jOHN aSHCROFT, PRESIDENT pro tem; George Bush, vice president pro tem.
(John gets a promotion, George gets a demotion!)
WITHOUT THIS COMBINATION (on the ballot) I AM NOT VOTING AND ALL OV YOU SHALL GET BURNED!
What OUI (yes we) are trying to create is a more perfect UNION.
Please keep this in mind.
17 Jul 2004 @ 20:19 by vaxen : I...
am a Confederate thankyou very much!
17 Jul 2004 @ 20:53 by celestial : Suit yerself
17 Jul 2004 @ 22:27 by vaxen : Indeed...
I will...else Thou wilt?
17 Jul 2004 @ 23:53 by celestial : Indeed...
19 Jul 2004 @ 00:59 by ov : Grassroots
Republic or Confederacy, this or that, where does the 95% of the world that isn't within the US borders fit into the picture?
1 Sep 2004 @ 07:06 by jazzolog : Garrison Keillor About Republicans
We're Not in Lake Wobegon Anymore
By Garrison Keillor
In These Times
Thursday 26 August 2004
How did the Party of Lincoln and Liberty transmogrify into the party of Newt Gingrich's evil spawn and their Etch-A-Sketch president, a dull and rigid man, whose philosophy is a jumble of badly sutured body parts trying to walk?
Something has gone seriously haywire with the Republican Party. Once, it was the party of pragmatic Main Street businessmen in steel-rimmed spectacles who decried profligacy and waste, were devoted to their communities and supported the sort of prosperity that raises all ships. They were good-hearted people who vanquished the gnarlier elements of their party, the paranoid Roosevelt-haters, the flat Earthers and Prohibitionists, the antipapist antiforeigner element. The genial Eisenhower was their man, a genuine American hero of D-Day, who made it OK for reasonable people to vote Republican. He brought the Korean War to a stalemate, produced the Interstate Highway System, declined to rescue the French colonial army in Vietnam, and gave us a period of peace and prosperity, in which (oddly) American arts and letters flourished and higher education burgeoned - and there was a degree of plain decency in the country. Fifties Republicans were giants compared to today's. Richard Nixon was the last Republican leader to feel a Christian obligation toward the poor.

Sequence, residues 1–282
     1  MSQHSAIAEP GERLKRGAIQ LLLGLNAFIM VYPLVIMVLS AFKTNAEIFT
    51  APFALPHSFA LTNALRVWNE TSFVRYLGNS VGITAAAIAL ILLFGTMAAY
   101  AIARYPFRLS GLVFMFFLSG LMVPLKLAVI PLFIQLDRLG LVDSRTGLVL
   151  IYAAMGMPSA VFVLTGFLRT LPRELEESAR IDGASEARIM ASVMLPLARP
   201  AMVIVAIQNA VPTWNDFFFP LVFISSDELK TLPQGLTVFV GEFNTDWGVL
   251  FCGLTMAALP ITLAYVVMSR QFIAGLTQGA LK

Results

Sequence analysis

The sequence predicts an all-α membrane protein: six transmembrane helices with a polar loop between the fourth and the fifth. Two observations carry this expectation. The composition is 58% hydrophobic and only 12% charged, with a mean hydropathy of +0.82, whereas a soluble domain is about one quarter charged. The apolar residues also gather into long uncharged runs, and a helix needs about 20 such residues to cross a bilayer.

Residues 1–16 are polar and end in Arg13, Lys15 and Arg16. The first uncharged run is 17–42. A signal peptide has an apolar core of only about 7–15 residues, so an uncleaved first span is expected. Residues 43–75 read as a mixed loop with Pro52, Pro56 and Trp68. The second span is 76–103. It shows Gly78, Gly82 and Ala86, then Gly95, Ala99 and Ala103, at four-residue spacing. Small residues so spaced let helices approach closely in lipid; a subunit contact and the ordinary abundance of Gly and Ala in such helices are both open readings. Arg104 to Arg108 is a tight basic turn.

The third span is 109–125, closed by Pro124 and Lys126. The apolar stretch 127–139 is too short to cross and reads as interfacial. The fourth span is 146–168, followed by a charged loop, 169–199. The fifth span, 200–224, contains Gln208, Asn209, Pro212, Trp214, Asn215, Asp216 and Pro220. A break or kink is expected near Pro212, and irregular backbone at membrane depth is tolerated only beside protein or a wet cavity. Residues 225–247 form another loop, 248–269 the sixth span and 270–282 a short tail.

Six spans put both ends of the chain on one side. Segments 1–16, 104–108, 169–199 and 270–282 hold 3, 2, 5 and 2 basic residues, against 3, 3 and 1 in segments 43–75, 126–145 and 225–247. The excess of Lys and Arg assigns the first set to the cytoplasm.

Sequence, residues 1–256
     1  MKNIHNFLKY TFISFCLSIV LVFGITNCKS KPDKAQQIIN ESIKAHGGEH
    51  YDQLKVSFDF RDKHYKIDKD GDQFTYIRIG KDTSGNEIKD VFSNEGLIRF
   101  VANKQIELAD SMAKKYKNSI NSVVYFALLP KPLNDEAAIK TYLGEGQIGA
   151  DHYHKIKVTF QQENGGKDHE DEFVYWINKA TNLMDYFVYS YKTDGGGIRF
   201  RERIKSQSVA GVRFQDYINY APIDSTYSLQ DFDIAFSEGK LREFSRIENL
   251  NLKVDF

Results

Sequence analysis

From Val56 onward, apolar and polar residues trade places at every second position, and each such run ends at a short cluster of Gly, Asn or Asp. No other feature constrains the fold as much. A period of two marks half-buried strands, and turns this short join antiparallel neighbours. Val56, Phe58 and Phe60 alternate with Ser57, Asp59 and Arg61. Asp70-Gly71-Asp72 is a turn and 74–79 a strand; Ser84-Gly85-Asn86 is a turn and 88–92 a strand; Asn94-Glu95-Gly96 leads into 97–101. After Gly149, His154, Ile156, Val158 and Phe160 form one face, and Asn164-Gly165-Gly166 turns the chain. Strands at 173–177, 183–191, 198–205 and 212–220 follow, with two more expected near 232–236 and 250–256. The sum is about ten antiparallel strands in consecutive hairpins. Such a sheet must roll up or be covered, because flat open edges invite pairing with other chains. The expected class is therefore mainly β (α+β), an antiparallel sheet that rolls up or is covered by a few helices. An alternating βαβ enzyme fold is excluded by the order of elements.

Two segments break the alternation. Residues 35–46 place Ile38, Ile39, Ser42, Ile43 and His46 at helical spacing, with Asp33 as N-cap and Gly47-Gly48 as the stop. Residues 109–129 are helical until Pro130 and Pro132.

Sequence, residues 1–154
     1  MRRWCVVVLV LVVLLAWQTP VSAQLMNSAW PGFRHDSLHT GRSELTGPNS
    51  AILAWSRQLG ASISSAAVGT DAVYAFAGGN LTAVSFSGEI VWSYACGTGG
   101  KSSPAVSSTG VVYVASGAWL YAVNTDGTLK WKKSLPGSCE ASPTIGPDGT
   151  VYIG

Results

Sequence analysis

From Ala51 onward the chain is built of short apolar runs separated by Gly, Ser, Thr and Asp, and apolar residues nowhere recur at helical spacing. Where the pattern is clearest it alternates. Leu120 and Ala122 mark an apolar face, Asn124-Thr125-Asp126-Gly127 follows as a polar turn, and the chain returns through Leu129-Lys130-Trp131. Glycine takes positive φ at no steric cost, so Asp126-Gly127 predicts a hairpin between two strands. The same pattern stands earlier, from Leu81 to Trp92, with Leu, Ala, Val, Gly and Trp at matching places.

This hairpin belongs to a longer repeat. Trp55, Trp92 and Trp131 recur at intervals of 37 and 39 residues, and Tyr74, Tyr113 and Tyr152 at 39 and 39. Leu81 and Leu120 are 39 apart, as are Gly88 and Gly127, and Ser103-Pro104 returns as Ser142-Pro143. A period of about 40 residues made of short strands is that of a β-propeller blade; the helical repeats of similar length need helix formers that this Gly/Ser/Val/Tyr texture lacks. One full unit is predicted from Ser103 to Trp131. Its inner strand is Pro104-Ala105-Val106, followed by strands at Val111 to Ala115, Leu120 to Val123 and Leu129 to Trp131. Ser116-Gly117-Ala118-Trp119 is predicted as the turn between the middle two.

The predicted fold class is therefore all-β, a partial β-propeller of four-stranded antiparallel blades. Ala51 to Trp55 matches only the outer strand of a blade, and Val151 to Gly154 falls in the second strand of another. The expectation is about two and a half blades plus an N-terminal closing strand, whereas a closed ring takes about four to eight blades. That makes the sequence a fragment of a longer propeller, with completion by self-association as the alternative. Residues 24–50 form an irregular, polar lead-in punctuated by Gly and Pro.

In the years between Nixon and Newt Gingrich, the party migrated southward down the Twisting Trail of Rhetoric and sneered at the idea of public service and became the Scourge of Liberalism, the Great Crusade Against the Sixties, the Death Star of Government, a gang of pirates that diverted and fascinated the media by their sheer chutzpah, such as the misty-eyed flag-waving of Ronald Reagan who, while George McGovern flew bombers in World War II, took a pass and made training films in Long Beach. The Nixon moderate vanished like the passenger pigeon, purged by a legion of angry white men who rose to power on pure punk politics. 'Bipartisanship is another term of date rape,' says Grover Norquist, the Sid Vicious of the GOP. 'I don't want to abolish government. I simply want to reduce it to the size where I can drag it into the bathroom and drown it in the bathtub.' The boy has Oedipal problems and government is his daddy.
The party of Lincoln and Liberty was transmogrified into the party of hairy-backed swamp developers and corporate shills, faith-based economists, fundamentalist bullies with Bibles, Christians of convenience, freelance racists, misanthropic frat boys, shrieking midgets of AM radio, tax cheats, nihilists in golf pants, brownshirts in pinstripes, sweatshop tycoons, hacks, fakirs, aggressive dorks, Lamborghini libertarians, people who believe Neil Armstrong's moonwalk was filmed in Roswell, New Mexico, little honkers out to diminish the rest of us, Newt's evil spawn and their Etch-A-Sketch president, a dull and rigid man suspicious of the free flow of information and of secular institutions, whose philosophy is a jumble of badly sutured body parts trying to walk. Republicans: The No.1 reason the rest of the world thinks we're deaf, dumb and dangerous.
Rich ironies abound! Lies pop up like toadstools in the forest! Wild swine crowd round the public trough! Outrageous gerrymandering! Pocket lining on a massive scale! Paid lobbyists sit in committee rooms and write legislation to alleviate the suffering of billionaires! Hypocrisies shine like cat turds in the moonlight! O Mark Twain, where art thou at this hour? Arise and behold the Gilded Age reincarnated gaudier than ever, upholding great wealth as the sure sign of Divine Grace.